ECHR announces its decision on Armenian citizens vs Azerbaijan cases
The European Court of Human Rights announced 4 decisions on 51 claims against Azerbaijan and fined the country’s government in the total amount of 239,450 euros [approximately $ 277,800]. Two decisions were made in cases of violation of citizens’ electoral rights. In the coming days, the ECHR will announce its decisions on two claims of Armenian citizens against Azerbaijan.
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Violation of electoral rights
On October 28, the European Court of Human Rights (ECHR) announced its four decisions on 51 claims from Azerbaijan. t
Two decisions relate to cases of violation of the electoral rights of citizens in Azerbaijan. In the course of two such trials, the parties came to an agreement; in the other two, the court took into account the unilateral petitions from the government.
The Azerbaijani government was fined for a total of 239,450 euros [approximately $ 277,800] in four decisions on 51 plaintiffs.
According to the Arzu Samadbeyli and Others v. Azerbaijan case, the plaintiffs nominated themselves from opposition parties in the 2015 parliamentary elections. Some of the voters’ signatures were invalidated and their candidacies were not registered.
The plaintiffs argued that there was an interference with their electoral rights but the Central Election Commission and local courts did not satisfy their complaints.
At the communication stage, the government acknowledged the violations pointed out in the claims. Although the majority of the plaintiffs rejected the offer to receive compensation, the ECHR took the government’s request into account. According to the court’s decision, each of the 37 plaintiffs will be paid compensation in the amount of 4,750 euros [$ 5,510], 3 plaintiffs will receive 5,000 euros [$ 5,800], and the government will pay 4,500 euros [$ 5,220] to another plaintiff.
The Mubariz Rahimli and Others v. Azerbaijan, also addressed the issue of excluding plaintiffs from the 2015 parliamentary elections and the 2016 rerun parliamentary elections in Azerbaijan. The CEC refused to register candidates due to the invalidity of some of the voters’ signatures. Local courts and the Central Election Commission ignored the plaintiffs’ complaints.
During the communication stage, the plaintiffs entered into a friendly agreement with the government of the country. According to the decision of the European Court, 4 plaintiffs will receive compensation from the government in the amount of 4,750 euros [$ 5,510], and two plaintiffs – 5,000 euros [$ 5,800].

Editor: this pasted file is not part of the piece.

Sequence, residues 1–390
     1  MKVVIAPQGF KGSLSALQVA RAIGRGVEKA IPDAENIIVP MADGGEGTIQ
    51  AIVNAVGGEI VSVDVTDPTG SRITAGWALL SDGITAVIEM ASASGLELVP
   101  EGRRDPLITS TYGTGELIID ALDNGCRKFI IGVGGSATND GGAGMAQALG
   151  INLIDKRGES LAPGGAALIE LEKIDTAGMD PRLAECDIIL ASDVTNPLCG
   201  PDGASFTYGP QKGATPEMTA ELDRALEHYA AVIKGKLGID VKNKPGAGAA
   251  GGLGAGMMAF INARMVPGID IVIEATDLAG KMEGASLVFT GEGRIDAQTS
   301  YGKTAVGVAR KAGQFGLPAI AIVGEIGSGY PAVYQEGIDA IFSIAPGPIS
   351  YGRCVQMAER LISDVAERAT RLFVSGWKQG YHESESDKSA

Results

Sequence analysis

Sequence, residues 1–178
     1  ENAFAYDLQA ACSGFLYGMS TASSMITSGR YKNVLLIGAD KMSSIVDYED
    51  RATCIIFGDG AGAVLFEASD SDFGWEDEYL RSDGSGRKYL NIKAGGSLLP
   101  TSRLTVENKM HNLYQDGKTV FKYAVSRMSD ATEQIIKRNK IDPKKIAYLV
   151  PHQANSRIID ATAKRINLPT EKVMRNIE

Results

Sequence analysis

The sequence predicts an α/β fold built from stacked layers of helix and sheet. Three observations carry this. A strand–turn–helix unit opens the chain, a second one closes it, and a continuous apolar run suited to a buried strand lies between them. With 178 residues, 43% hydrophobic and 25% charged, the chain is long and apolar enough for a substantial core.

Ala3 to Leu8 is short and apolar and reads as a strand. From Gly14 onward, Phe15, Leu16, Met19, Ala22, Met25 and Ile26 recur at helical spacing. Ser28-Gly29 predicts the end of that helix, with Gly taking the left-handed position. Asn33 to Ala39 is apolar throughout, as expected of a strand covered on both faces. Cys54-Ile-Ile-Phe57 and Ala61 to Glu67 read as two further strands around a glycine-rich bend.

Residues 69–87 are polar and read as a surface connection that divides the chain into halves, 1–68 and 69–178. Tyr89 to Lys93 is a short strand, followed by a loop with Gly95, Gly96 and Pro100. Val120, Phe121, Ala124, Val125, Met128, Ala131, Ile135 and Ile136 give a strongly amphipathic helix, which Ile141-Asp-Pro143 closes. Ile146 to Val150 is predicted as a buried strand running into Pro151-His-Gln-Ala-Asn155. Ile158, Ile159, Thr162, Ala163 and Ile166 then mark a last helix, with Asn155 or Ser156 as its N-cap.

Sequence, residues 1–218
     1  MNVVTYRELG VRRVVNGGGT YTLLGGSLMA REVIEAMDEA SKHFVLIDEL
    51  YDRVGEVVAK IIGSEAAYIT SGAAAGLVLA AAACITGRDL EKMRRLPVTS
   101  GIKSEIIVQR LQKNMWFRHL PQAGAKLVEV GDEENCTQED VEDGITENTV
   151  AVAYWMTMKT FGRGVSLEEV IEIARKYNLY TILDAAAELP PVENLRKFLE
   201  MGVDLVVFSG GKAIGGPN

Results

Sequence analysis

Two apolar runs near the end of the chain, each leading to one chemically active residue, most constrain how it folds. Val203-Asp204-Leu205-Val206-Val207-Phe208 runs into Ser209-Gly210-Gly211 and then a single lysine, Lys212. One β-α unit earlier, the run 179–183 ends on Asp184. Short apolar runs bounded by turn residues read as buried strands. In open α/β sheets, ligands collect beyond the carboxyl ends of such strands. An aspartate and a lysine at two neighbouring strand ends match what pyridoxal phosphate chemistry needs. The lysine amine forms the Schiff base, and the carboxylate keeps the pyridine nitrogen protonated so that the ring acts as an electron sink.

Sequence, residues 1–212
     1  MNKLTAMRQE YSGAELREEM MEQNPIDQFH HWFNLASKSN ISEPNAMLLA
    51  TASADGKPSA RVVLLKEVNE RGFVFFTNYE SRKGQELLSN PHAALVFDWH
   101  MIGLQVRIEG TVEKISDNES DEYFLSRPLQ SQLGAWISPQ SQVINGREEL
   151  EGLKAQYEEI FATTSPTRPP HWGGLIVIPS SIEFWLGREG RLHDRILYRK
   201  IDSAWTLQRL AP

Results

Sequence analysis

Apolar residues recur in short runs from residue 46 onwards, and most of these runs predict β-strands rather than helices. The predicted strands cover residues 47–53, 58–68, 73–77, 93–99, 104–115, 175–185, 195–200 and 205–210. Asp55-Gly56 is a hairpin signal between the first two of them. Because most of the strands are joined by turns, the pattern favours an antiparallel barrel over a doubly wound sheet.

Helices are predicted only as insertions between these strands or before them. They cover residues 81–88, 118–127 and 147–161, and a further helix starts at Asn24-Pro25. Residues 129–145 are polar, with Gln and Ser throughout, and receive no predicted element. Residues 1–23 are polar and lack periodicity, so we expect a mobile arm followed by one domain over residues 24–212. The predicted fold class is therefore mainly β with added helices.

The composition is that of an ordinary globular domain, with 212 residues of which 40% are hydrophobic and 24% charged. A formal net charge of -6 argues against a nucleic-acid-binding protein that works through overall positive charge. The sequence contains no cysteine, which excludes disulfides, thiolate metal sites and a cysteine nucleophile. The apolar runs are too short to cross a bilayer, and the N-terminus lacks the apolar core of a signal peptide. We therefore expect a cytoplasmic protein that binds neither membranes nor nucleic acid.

Arrested for religious beliefs
According to the materials of the Emil Mehdiyev and Vahid Abilov v. Azerbaijan case, the plaintiffs are members of the religious society of Jehovah’s Witnesses. They refused to undergo compulsory military service because of their religious beliefs, but were prosecuted for this. They were imprisoned for one year.
The plaintiffs challenged in the European court the interference with their freedom of religion.
At the stage of communication, the government admitted that it had violated the rights of the plaintiffs. The ECHR took into account the unilateral petition of the Azerbaijani authorities and awarded each of the two plaintiffs 3,500 euros [$ 4,060] in compensation.
Citizens of Armenia vs Azerbaijan
On November 4, the European Court of Human Rights will announce two more decisions on the cases filed against Azerbaijan. Both decisions relate to the claims filed by the citizens of Armenia.
According to Khojoyan and Others v. Azerbaijan, the plaintiffs are Hasmik Khojyan, Yeghine Vardazaryan and Haykaz Khojyan (deceased). They are citizens of Armenia and were born in 1964, 1967 and 1959, respectively.
The court case is related to the allegations of the complainants of the detention and bad treatment of their father at the beginning of 2014 on the territory of Azerbaijan. The plaintiffs’ father left his home, located in Armenia and close to the border with Azerbaijan, in the morning hours of January 28, 2014. Two days later, reports spread about his detention in Azerbaijan. He was handed over to Armenia on March 4, 2014. The man passed away 10 weeks later.
The Diary of the European Court writes that, according to the plaintiffs, paragraphs 2 (right to life), 3 (prohibition of torture), 5 (right to liberty and security), 13 (right to an effective legal remedy) and 14 (prohibition of discrimination ) European convention were violated.
According to the materials of the Petrosyan v. Azerbaijan case, the plaintiff Artush Petrosyan is an Armenian citizen, born in 1957 and residing in Chinari (Armenia).
The plaintiff’s son, born in 1981, crossed the border with Azerbaijan on August 7, 2014. He was detained by Azerbaijani servicemen and died in the territory of Azerbaijan.
The plaintiff disputes the violation of paragraphs 2 (right to life), 3 (prohibition of torture), 5 (right to liberty and security), 8 (right to respect for private and family life), 13 (right to an effective legal remedy) and 14 ( prohibition of discrimination) of the European convention.